I am very early in my project development, and I have not articulated questions for my project either. I think I am clearer at this point about my longer research program than a specific PhD project. I am hoping to make the connection backwards--figuring out my place in the world as a researcher and what my commitments are and then designing a PhD project that reflects those commitments. So here is my list in the order of what I have been thinking about most recently to what I think I would feel really good about if I am able to do them.
Understanding science pedagogy and research infrastructures that respond to discursive gaps
Politics and tactics of collaboration: I want this to be an cross-cutting question throughout my research program
Transnational STS: I still don’t know what I mean by that but I think it is partly figuring out the “sites” of my research program and partly designing my research program to be relevant across scales and responsive through time.
Some specific questions I have been thinking with for some time:
How do progressive scientific and environmental justice movements incorporate visions of social change or social justice?
How do we interface between scientific and political education while questioning assumptions of secular liberalism undergirding pedagogy in general?
What legacies of advocacy and pedagogy do we learn from?
Things I want to do in the next 5 years or so
Think with graduate students about how to intervene in science pedagogy: What is required of us at this moment? What can we do?
Topics, issues, questions, and places that I hope to research over the next 50 years:
Potentially ethnographic projects
The aesthetics of biodesign, biomimicry, and other design practices that seek to “reconcile” the environment and technology; how these are grounded in specific ontologies and liberal political histories
Comparing different modes of design and technological practice that seek to incorporate specific normative virtues or aims at a representational rather than operational level: e.g. ethnocentric design, non-functional biomimicry, performative parametricism, etc.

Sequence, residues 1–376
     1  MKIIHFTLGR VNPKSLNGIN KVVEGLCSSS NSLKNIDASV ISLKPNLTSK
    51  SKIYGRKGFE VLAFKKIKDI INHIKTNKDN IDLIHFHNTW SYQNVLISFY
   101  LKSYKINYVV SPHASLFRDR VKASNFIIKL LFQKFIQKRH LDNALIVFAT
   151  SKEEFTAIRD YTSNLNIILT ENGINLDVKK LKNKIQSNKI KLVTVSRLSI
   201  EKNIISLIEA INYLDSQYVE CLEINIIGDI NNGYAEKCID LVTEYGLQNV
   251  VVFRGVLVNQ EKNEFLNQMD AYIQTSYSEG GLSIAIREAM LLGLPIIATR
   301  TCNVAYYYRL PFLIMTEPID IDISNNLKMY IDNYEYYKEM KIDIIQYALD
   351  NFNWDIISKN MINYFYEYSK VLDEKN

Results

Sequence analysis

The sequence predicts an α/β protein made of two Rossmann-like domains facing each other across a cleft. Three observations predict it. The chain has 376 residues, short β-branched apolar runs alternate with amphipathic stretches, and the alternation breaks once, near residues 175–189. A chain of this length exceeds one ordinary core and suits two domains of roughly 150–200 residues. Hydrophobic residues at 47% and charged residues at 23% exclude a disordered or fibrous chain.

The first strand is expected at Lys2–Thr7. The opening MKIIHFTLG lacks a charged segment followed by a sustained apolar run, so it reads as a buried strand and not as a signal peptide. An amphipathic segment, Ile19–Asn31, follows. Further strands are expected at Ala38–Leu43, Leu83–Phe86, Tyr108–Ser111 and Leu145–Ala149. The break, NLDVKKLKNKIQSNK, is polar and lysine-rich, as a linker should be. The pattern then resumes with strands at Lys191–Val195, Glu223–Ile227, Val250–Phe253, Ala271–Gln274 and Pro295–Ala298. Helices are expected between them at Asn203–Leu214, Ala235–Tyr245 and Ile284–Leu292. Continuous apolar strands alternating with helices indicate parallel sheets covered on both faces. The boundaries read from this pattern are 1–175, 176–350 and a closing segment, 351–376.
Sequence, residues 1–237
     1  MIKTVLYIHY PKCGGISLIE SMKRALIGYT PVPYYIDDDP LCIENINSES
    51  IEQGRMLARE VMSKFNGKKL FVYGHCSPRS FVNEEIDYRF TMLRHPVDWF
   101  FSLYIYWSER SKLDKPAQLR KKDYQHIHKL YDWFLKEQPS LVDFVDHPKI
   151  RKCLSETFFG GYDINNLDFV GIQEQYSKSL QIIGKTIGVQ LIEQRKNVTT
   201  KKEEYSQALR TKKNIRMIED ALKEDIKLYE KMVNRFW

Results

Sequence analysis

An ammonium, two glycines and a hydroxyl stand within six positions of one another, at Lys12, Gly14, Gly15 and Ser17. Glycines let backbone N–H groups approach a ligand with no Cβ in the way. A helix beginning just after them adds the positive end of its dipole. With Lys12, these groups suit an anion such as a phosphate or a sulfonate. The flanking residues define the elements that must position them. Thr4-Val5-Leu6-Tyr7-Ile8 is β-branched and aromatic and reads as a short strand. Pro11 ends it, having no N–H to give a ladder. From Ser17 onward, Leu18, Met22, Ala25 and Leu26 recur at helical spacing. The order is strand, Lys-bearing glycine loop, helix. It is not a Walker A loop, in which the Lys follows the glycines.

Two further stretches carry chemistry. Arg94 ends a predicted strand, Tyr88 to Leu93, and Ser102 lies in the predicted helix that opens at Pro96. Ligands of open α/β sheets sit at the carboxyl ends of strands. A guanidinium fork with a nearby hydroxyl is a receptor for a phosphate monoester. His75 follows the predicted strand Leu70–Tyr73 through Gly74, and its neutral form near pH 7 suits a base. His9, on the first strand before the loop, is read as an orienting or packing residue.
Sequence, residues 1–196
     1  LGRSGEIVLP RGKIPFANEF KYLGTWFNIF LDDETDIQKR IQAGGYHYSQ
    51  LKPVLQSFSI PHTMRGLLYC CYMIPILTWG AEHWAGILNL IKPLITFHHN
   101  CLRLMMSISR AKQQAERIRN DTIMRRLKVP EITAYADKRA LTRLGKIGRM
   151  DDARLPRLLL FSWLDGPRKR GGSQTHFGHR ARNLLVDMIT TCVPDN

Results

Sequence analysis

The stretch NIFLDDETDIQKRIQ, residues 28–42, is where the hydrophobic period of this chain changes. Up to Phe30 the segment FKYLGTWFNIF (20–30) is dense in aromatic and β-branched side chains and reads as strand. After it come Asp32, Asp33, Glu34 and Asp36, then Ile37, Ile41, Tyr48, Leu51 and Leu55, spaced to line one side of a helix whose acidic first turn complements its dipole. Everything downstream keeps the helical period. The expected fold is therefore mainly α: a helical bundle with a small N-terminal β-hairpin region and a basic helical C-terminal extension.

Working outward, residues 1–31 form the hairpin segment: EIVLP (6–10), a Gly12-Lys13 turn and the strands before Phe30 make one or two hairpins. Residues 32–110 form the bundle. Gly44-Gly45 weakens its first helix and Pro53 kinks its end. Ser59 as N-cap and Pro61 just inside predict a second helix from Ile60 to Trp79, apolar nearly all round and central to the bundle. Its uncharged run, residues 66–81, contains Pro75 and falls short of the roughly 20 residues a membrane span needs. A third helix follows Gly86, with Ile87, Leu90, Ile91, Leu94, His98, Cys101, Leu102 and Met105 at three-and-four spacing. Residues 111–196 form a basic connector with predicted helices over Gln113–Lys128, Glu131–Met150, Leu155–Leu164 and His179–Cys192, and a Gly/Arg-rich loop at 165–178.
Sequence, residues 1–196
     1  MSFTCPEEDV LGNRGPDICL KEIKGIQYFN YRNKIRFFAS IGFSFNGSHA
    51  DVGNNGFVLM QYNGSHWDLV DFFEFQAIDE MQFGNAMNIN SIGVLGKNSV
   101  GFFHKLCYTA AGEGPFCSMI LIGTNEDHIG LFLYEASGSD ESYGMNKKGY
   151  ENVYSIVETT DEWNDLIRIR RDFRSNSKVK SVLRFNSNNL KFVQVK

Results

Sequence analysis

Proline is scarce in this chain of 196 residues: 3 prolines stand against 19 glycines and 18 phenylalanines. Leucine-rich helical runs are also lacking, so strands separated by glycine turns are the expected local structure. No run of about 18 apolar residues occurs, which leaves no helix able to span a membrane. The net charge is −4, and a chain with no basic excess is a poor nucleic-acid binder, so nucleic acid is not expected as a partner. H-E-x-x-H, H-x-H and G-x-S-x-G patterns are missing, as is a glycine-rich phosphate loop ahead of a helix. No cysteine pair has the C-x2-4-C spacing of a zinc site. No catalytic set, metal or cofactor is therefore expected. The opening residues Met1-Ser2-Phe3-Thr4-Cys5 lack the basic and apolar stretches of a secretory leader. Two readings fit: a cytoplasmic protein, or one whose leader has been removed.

Role of digital renderings, visualizations, prototypes, and speculative design exhibitions in generating “hype” around sustainable technologies and imaginary futures; economic and material impacts of these devices and imaginaries
20th/21st century shifts from “environmentalism” towards new frameworks, like “sustainability” or “climate justice”; political relevance of these re-framings
Role of sustainability discourse and related technologies in green gentrification and xenophobia (and emerging eco-facism), accelerating as climate impacts become more clear
Mass timber, tall timber and developments in agroforestry. Earth construction. Various attempts to “scale” the Natural building movement and similar practices to industrial levels
Comparing systems of mediating materiality, from embodied carbon calculations and logistics management software to language and religious beliefs
Radical plant-based medicine movements and how they navigate colonial histories through peer education
Attempts to cultivating “material literacy” and supply chain visibility
Broad theoretical and historical problems; institutional goals
Design and Politics
Tastes, aesthetics, and visual cultures related to the historical idea of nature; intersectional approaches to these
History of environmental design in conversation with histories of cybernetics, architecture, modernist design, and empire
Thinking about the historical co-incidence of the rise of computation, environmental crises, and decolonization
Materiality/immateriality as a central problematic in media studies, environmental studies, and critical theory (technology and content, form and meaning, nature and culture, presence and representation)
Work to incorporate STS and the history of environmental thought into engineering and/or commercial design education (encouraging people to provincialize and contextualize certain values around environment and technology)
Often unacknowledged role of social movements, particularly resistance to European colonialism but also feminism and early environmentalism, in driving theory and epistemology in the western academy (for instance, their influences on post-structuralism, early STS, and the ontological turn)
Putting formalist media theory into conversation with the previous point
Future of the university vis-a-vis tuition costs, debt, and social stratification. Ethics of teaching practice and curriculum development? New models of university education not predicated on education as private consumer good?
Role of any of these research topics in degrowth and paradigm shifts needed to address current forms of harm